• Sweden's news in English

Swedish MMA star Alexander Gustafsson mauls his way to the top

The Local · 5 Aug 2011, 10:08

Published: 05 Aug 2011 10:08 GMT+02:00

Facebook Twitter Google+ reddit

Despite his humble roots in central Sweden, Gustafsson, who measures a towering 196 cm (6’5”) and weighs a 93 kilos (205 lbs.), is an imposing figure whether he’s pummelling an opponent or simply conducting an interview.

And he’s been doing a lot of both of those activities in recent months during his nothing less than meteoric rise through the ranks of the world’s MMA circuits to reach the sport’s most prestigious league, the US-based Ultimate Fighting Championship (UFC).

This weekend, Gustafsson is set to do battle in Philadelphia in the eastern United States in UFC 133, a fight that could propel him toward a shot at a world title.

While most top MMA competitors are wrestlers from America, credentialed with college national championships and Olympic medals, or elite jiu-jitsu fighters from Brazil, Gustafsson bucks the trend.

Growing up in Arboga, a small town two hours west of Stockholm, the energetic and competitive Gustafsson began his fighting career as a boxer.

"Fighting was in my nature,” he tells Studio MMA in a recent interview, adding that he never took the activity very seriously.

But a 2006 trip to Gothenburg on Sweden’s west coast changed everything.

It was then that the athletic 19-year-old first discovered MMA and quickly realised that the fast-moving combat sport, in which sometimes bloody bouts can end in less than a minute due to a knockout or submission, was “his thing”.

The sport, which in addition to boxing added the disciplines of kickboxing, wrestling, Brazilian Jiu-Jitsu, and Muay Thai was exactly what the Gustafsson was looking for.

"He was a natural talent and he was big," Gustafsson's MMA coach August Wallen tells The Local in recalling his first impressions of the teen.

Soon thereafter, Gustafsson decide to make a career of the sport and found near immediate success, travelling to Finland in late 2007 to claim his first two professional victories.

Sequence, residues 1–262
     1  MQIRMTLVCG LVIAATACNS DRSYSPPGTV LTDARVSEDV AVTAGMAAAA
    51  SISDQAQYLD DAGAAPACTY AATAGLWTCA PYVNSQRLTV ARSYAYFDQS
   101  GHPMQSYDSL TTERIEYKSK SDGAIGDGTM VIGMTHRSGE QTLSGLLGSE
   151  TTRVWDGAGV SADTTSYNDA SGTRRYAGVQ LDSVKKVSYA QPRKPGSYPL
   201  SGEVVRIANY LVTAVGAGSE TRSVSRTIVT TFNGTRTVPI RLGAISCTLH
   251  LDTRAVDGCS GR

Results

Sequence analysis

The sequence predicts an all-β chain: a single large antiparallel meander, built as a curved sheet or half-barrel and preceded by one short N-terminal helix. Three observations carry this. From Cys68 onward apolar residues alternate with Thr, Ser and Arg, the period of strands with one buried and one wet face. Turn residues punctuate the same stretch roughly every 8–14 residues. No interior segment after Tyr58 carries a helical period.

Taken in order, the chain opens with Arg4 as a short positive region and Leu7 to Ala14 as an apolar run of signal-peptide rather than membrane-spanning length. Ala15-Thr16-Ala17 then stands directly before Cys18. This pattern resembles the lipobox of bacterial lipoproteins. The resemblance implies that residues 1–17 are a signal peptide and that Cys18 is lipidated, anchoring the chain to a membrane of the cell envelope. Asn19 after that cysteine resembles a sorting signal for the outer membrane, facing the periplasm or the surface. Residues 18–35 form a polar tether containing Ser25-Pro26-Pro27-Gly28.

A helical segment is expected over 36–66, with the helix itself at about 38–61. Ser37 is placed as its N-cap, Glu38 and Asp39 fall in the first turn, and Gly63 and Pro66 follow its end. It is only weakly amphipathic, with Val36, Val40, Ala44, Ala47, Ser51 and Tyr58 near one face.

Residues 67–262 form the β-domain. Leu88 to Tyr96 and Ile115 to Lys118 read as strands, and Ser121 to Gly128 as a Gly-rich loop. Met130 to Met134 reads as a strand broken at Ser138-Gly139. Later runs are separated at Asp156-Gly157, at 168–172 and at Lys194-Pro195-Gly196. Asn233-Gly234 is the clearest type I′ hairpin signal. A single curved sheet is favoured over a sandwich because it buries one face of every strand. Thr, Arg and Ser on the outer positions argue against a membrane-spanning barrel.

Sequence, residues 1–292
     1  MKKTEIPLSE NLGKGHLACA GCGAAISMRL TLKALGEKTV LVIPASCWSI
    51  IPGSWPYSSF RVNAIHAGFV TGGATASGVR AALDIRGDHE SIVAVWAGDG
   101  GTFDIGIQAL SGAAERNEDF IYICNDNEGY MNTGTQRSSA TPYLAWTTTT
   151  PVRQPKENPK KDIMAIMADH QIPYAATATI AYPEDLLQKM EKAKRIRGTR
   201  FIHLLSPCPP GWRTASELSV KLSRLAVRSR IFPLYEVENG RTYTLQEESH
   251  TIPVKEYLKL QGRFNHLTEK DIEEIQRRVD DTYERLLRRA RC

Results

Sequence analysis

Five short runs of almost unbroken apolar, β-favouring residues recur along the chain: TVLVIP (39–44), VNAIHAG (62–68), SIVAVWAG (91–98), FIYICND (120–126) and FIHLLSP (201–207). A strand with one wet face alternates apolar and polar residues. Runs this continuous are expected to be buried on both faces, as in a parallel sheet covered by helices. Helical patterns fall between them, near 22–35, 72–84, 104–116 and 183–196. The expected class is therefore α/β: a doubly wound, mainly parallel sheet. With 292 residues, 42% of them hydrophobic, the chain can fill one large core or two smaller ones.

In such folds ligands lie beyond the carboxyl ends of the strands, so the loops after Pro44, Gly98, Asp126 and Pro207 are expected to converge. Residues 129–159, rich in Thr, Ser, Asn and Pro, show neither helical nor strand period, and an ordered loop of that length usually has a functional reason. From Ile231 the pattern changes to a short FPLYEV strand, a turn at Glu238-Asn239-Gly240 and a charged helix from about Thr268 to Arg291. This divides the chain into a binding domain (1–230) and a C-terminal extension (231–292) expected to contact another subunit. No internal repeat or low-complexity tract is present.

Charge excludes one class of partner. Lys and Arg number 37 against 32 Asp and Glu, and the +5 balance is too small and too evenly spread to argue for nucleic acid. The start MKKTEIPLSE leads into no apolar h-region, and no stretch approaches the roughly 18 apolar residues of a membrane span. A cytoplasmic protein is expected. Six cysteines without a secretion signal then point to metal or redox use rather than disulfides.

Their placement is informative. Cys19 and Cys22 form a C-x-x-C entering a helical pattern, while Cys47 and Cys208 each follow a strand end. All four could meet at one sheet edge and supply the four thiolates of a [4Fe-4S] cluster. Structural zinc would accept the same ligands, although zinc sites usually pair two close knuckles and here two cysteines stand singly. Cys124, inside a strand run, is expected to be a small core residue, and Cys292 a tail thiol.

By 2008, the Swede was also able to showcase his skills on his home turf in Sweden’s first MMA event since the passage of the country’s "martial arts law", which voided a ban on professional boxing and other combat sports.

The Swede remains one of the sports best kept secrets, having competed in a number of lower-profile events outside the US, where the success of the UFC has helped boost the sports popularity.

Gustafsson is already the 15th ranked fighter in the world, with only one loss in 12 professional bouts in what is being hyped as "the fastest growing sport in the world".

It was back in 2009 that Gustafsson, who had by then racked up eight straight wins and was defeating opponents within minutes, earned his nickname “The Mauler”.

"It was natural to give him something related to striking; if Alex doesn't knock people out directly he just mauls them down over a round," coach Wallen explains.

A short time later the Swede’s big break came in the form of contract from the UFC, the world's elite MMA league, in what Gustafsson refers to as the "happiest day of my life".

Suddently, Gustafsson found himself as the only Swede in the UFC, after two Swedes who had previously fought in the league were released with losing records.